Third, will the insurance companies recognize each of these new 68 thousand codes, correctly match them to billed procedures, and promptly pay the providers?  If I treat a patient with macular degeneration with a monthly dose of a $2,000 drug, I now bill a single code, which insures that I will be paid.  Under the ICD-10, there will be 20 codes, specifying which eye(s) and severity, that allow payment.  Will every insurance company have each of these codes in its computers?  Will it recognize each code?  Remember that these are the same insurance companies that don’t even know who has actually paid their insurance premiums.

The American Medical Association announced this week that ICD-10 implementation will cost three times as much as originally estimated.  The  “costs of training, vendor and software upgrades, testing and payment disruption” could be $225,000 for a small medical practice and over $8 million for a large practice.  How do medical practices of marginal profitability absorb these costs?  With physician reimbursement rates set to grow at only half a percent per year over the next five years, far below the true rate of inflation of close to 10 percent, the financial writing is on the wall. This will accelerate the demise of private practice, already underway due to ObamaCare.  Come October 1, “The doctor is in” may be a phrase of historical interest only.

Electronic medical records have already slowed many practitioners in the real world although you will hear from many in the Ivory Tower how great they are.   So, let’s hear it from someone commenting who actually lives in the real world and has to do the actual work.

ICD-10 is “granular.”  It lets researchers, insurance companies, the feds, and anyone else who gets their eyes on the data do great things.  This data is valuable.  To get this data, I, a solo practitioner, must buy software, recode the diagnosis for every patient, code it again the next visit as the specificity has changed, and so on.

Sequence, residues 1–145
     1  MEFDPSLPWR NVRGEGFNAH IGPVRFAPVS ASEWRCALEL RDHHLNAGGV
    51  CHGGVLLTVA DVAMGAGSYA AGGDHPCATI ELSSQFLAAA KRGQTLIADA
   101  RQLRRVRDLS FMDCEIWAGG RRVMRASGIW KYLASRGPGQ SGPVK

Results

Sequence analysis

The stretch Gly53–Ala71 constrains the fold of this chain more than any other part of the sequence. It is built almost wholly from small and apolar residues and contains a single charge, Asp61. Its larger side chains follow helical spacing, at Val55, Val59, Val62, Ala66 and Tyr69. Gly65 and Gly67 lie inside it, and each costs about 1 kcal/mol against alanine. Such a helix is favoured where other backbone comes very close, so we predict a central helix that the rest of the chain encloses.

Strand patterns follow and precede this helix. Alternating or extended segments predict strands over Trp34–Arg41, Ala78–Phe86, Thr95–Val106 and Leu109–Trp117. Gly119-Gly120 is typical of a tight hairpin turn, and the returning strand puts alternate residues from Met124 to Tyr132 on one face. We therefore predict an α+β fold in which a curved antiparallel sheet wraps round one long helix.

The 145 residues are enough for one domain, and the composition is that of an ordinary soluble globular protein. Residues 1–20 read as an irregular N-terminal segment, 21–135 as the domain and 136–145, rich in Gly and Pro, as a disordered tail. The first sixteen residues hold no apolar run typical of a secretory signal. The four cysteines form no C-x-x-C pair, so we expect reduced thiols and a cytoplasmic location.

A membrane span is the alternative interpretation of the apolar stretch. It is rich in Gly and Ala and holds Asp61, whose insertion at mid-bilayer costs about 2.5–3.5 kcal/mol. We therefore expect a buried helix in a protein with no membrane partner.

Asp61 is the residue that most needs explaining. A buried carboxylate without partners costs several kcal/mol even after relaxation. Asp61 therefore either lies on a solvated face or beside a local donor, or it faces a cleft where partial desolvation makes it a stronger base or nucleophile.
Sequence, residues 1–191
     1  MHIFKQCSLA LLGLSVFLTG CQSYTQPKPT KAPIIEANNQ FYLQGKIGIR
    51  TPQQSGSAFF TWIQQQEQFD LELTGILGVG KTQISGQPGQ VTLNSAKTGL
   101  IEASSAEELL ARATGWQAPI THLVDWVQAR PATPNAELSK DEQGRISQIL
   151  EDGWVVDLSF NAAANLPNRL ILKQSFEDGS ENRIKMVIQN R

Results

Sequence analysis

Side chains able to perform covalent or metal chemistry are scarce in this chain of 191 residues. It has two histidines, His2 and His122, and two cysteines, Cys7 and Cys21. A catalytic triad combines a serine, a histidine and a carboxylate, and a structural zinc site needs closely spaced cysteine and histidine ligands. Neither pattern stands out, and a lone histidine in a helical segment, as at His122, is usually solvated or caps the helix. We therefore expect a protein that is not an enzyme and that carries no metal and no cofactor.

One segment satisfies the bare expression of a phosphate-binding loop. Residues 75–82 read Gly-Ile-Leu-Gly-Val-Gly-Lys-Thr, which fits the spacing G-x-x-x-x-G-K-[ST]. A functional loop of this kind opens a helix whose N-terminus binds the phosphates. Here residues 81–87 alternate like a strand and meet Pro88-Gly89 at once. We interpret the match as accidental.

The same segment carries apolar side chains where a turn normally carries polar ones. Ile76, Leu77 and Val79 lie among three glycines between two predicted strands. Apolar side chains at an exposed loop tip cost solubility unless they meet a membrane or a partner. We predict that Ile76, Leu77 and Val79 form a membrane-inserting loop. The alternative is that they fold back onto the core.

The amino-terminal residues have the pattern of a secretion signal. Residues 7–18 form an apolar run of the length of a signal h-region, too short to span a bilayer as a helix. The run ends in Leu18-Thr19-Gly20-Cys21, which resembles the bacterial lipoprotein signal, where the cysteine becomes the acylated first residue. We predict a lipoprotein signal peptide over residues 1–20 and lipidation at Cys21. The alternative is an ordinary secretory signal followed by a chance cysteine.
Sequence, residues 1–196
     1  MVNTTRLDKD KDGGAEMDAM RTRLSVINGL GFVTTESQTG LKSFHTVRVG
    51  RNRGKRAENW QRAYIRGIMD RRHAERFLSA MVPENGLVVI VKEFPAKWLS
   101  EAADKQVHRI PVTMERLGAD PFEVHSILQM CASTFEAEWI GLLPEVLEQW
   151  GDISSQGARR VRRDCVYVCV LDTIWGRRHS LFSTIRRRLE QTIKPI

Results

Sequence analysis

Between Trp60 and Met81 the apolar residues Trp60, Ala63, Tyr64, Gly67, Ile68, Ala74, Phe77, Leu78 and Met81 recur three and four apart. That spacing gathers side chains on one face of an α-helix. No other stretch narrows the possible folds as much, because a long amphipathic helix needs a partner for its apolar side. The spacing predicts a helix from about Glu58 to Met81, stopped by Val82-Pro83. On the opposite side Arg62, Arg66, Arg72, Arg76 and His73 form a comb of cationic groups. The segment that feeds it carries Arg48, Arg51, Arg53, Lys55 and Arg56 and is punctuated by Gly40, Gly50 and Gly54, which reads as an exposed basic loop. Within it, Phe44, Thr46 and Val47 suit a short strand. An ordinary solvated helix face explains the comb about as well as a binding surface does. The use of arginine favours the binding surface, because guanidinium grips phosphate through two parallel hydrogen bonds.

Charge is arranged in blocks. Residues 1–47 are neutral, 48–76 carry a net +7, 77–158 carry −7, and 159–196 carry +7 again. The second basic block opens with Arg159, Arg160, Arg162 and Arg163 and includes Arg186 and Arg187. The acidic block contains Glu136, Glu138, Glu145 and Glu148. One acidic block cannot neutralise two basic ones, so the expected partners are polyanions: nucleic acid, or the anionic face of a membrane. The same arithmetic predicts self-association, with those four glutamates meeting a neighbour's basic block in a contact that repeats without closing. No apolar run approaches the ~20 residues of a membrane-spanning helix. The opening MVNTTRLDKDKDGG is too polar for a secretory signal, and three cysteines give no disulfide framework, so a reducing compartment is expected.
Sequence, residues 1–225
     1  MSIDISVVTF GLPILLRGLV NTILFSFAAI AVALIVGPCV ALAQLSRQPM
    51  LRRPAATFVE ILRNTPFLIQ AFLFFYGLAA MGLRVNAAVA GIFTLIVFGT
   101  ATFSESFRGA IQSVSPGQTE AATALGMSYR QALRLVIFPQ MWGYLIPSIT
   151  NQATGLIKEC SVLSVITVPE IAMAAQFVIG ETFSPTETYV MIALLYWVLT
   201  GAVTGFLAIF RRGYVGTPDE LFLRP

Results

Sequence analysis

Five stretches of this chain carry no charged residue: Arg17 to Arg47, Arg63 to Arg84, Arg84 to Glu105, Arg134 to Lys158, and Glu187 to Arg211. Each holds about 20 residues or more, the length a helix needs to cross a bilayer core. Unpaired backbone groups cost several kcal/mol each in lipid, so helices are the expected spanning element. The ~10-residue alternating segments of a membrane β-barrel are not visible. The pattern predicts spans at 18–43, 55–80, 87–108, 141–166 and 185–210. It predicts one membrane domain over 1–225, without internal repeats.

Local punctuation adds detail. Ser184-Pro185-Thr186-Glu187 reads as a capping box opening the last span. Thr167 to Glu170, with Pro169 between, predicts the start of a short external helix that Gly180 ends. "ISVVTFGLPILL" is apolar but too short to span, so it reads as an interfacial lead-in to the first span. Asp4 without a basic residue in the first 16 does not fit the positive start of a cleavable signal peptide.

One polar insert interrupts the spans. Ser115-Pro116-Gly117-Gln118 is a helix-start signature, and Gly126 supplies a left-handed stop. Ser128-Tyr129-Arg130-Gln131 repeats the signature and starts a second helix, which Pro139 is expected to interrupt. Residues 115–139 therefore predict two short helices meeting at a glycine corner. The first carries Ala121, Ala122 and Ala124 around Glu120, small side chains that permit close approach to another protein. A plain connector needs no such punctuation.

And what am I paid for providing this valuable data?  Why, nothing at all!  In fact, if the computer at the other end doesn’t like my code, I don’t get paid for my work.  And the payments here in primary care land are, shall we say, inadequate for the work we do, let alone for the data processing services we are required to provide for free in order to get our pay.


Gosh, he’s polite.  Here’s another reality check comment.

Sorry folks, but I’m one of hundreds of over 65 Family Docs in private practice who are planning to close our practices 9/30/14 if ICD10 isn’t delayed. It’s going to cost tens of thousands to convert and there will be zero return on that investment. Most of us are living hand to mouth paying our help now and the advice to “have six months revenue in reserve” or “open a line of credit” isn’t realistic. It makes perfect sense to use ICD10 at the hospital level and a much more limited set at the office. If you think there is any clinical benefit in letting an insurance carrier know if a kid has a left or right ear infection or if you hit your head walking into a lamppost you have major problems.